Home' V8X Supercar Magazine : Oct Nov 2018 Issue 107 Contents SUPERCAR XTRA
“So my sponsor said, ‘Look, we’d like to see you step
into a Porsche, otherwise we’ll have to look for some-
body else that is running a Porsche’. It was at the time
when Alan Jones came back to drive that car for Alan
Hamilton when they first did that GT championship
in 1982, not long after AJ had retired from F1. Bruce
Spicer owned the car that John Latham raced a few
times, which we’re now restoring, and Bruce had some
health issues, so I bought the car from him to satisfy
“I’d never driven a Porsche and I went straight from
turbo with 800 horsepower – a fair bit more than the
Pantera ever had – so I wrestled with that to learn how
to drive it. I finished second to Jones that year. The fol-
lowing year (’83), because I’d had a bit of fun in that 935,
Alan Hamilton decided to sell his car that Jones had
raced and I bought it. It was a good year because I ended
up winning the championship in that car.
“Those two years in the Porsches brought me to the
attention of the factory in Germany. I was over there
for a prizegiving at the end of ’83. I met the Kremer
brothers and as a result of that, in ’84 I was invited to
have a run at Le Mans with them. If I hadn’t been in a
935, I guess I wouldn’t have got that opportunity – even
though it was probably a bit out of my depth.
“We started ninth and finished ninth. Tiff Needell and
David Sutherland were the other drivers. Tiff had an
off during the night, through no fault of his, knocking
a bit off each end, so we went from up around fifth to
way back down the bottom and then we worked our
way up to ninth.
“It was a frustrating old race, but the opportunity
came about through doing well here in the 935, so that’s
why I have a soft spot for the 935s. Then we finished
fifth at Sandown and I was again the best Australian
French also finished sixth at Bathurst that year with
Geoff Russell (father of Supercars co-driver and GT racer
David) in a VK Commodore, earning a rare recognition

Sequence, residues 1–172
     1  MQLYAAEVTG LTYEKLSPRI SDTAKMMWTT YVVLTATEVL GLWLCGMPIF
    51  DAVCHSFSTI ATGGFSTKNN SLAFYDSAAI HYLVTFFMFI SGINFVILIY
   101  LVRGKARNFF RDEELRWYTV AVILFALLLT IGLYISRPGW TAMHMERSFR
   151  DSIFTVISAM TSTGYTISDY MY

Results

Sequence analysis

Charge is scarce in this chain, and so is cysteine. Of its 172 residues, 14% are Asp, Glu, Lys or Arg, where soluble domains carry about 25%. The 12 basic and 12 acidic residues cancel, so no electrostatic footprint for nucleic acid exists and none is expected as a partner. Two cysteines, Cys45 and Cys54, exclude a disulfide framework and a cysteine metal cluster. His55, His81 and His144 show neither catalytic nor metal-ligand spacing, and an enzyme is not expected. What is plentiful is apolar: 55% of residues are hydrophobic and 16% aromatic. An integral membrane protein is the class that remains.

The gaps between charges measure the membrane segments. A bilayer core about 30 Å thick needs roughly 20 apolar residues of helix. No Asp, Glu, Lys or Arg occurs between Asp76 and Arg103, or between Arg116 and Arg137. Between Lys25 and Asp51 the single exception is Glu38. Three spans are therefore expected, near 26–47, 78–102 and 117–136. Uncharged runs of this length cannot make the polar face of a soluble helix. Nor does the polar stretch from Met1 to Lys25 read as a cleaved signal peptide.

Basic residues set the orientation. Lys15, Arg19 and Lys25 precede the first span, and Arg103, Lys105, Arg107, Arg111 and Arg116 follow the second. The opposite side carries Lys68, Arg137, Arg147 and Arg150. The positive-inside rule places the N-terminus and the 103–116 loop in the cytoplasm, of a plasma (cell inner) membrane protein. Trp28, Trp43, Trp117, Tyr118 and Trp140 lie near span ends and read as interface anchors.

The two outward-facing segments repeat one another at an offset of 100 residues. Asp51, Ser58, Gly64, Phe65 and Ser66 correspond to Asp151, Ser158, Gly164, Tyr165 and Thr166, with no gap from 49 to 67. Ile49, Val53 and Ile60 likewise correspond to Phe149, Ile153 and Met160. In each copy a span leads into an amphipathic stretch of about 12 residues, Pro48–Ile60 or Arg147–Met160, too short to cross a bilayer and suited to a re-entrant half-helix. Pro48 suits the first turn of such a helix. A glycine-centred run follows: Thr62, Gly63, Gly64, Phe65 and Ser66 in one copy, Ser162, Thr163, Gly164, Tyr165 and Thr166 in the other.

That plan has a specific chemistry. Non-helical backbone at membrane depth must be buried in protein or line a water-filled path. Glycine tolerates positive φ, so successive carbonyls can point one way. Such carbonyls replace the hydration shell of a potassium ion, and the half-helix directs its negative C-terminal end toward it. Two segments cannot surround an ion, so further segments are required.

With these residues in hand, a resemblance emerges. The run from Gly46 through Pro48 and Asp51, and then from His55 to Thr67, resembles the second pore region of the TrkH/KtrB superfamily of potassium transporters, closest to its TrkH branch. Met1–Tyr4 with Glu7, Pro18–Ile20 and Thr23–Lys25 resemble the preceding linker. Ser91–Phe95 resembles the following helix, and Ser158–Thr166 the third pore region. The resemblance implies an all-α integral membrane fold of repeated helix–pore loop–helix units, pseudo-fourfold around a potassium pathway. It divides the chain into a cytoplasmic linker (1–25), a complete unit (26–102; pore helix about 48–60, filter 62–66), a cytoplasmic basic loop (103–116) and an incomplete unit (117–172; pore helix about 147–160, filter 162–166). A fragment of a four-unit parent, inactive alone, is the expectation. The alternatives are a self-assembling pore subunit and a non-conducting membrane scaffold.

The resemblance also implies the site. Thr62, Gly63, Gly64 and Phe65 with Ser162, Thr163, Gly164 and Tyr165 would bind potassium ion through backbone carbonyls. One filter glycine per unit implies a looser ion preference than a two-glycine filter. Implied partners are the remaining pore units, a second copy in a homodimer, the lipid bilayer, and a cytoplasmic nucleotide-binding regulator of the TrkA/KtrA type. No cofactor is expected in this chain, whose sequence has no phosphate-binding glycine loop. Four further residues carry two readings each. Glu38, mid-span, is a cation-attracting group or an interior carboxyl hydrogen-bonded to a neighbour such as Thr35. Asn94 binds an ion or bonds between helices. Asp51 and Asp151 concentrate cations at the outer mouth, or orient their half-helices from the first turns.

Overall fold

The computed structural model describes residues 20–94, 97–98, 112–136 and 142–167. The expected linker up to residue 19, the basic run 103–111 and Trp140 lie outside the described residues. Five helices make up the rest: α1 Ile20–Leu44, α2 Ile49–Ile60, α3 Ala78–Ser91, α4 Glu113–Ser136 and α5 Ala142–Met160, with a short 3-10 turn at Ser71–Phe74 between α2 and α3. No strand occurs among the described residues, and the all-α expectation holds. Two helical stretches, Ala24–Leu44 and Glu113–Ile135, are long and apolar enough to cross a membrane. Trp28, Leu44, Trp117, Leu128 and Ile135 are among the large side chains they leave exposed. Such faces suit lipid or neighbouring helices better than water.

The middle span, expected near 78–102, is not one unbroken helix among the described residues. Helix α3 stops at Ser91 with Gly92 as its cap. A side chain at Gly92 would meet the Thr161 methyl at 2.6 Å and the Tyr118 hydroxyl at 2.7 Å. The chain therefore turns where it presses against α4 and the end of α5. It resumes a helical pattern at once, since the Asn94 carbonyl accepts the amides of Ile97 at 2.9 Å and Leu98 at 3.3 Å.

for his combined achievements. One of the very few
items of personal memorabilia on display at his new
factory is the Sport Australia award he received for his
Le Mans/Bathurst/Sandown results.
Nominated by CAMS, he was honoured for the best
single effort Australian sporting performance of 1984.
The framed certificate citing his “outstanding perfor-
mance” sits on a stand in the boardroom. “I was very
proud of that,” he smiles.
French is matter-of-fact about his skill behind the
wheel and his enduring ability to continue racing as a
“I was never a professional driver,” he shrugs. “I was
self-taught. I didn’t go to driving schools or any of that
sort of thing. Frank Gardner helped me a little bit when
I first bought the Pantera because that was the first car I
drove with slick tyres. But I think some of my speedway
stuff, which I did before I got my first CAMS licence in
1968, actually helped me quite a lot.
“The first car I really raced on the bitumen was a big
old Chev Impala two-door coupe. Prior to that, I’d just
been involved in speedway cars and hot-rods, which
became Sprintcars. I started in speedway in 1960. I used
to run at Tracey’s Speedway at Maribyrnong.
“I don’t play golf or tennis or anything like that. I just
do what I enjoy, which is racing, and while I can still go
around at a reasonable pace, I’m happy to keep doing it.
I enjoy the Mustangs. The old ones are hard to drive and
not as enjoyable as the TA2 car.”
French has just added a Bentley Continental GT GT3
to his collection and doesn’t rule out racing that as well.
“I’m certainly looking forward to giving that a squirt
around Phillip Island to learn how to drive it,” he grins.
“I’ll drive it and see what I think of it before deciding
what to do with it.
“I bought it not necessarily to race, but to add to my
collection because I enjoy my Bentley Continental GT
road car so much.”
On his longstanding passion for classy black and gold
liveries – assumed to be inspired by the iconic mid-
1970s F1 John Player Special Lotuses – French says the
explanation is even simpler.
ABOVE: Tickford’s 2013
holds pride of place in
BELOW: French finished
in sixth in a Holden VH
Commodore SS at Bathurst
SX107 p44-48 Foges French.indd 47
7/9/18 3:57 pm
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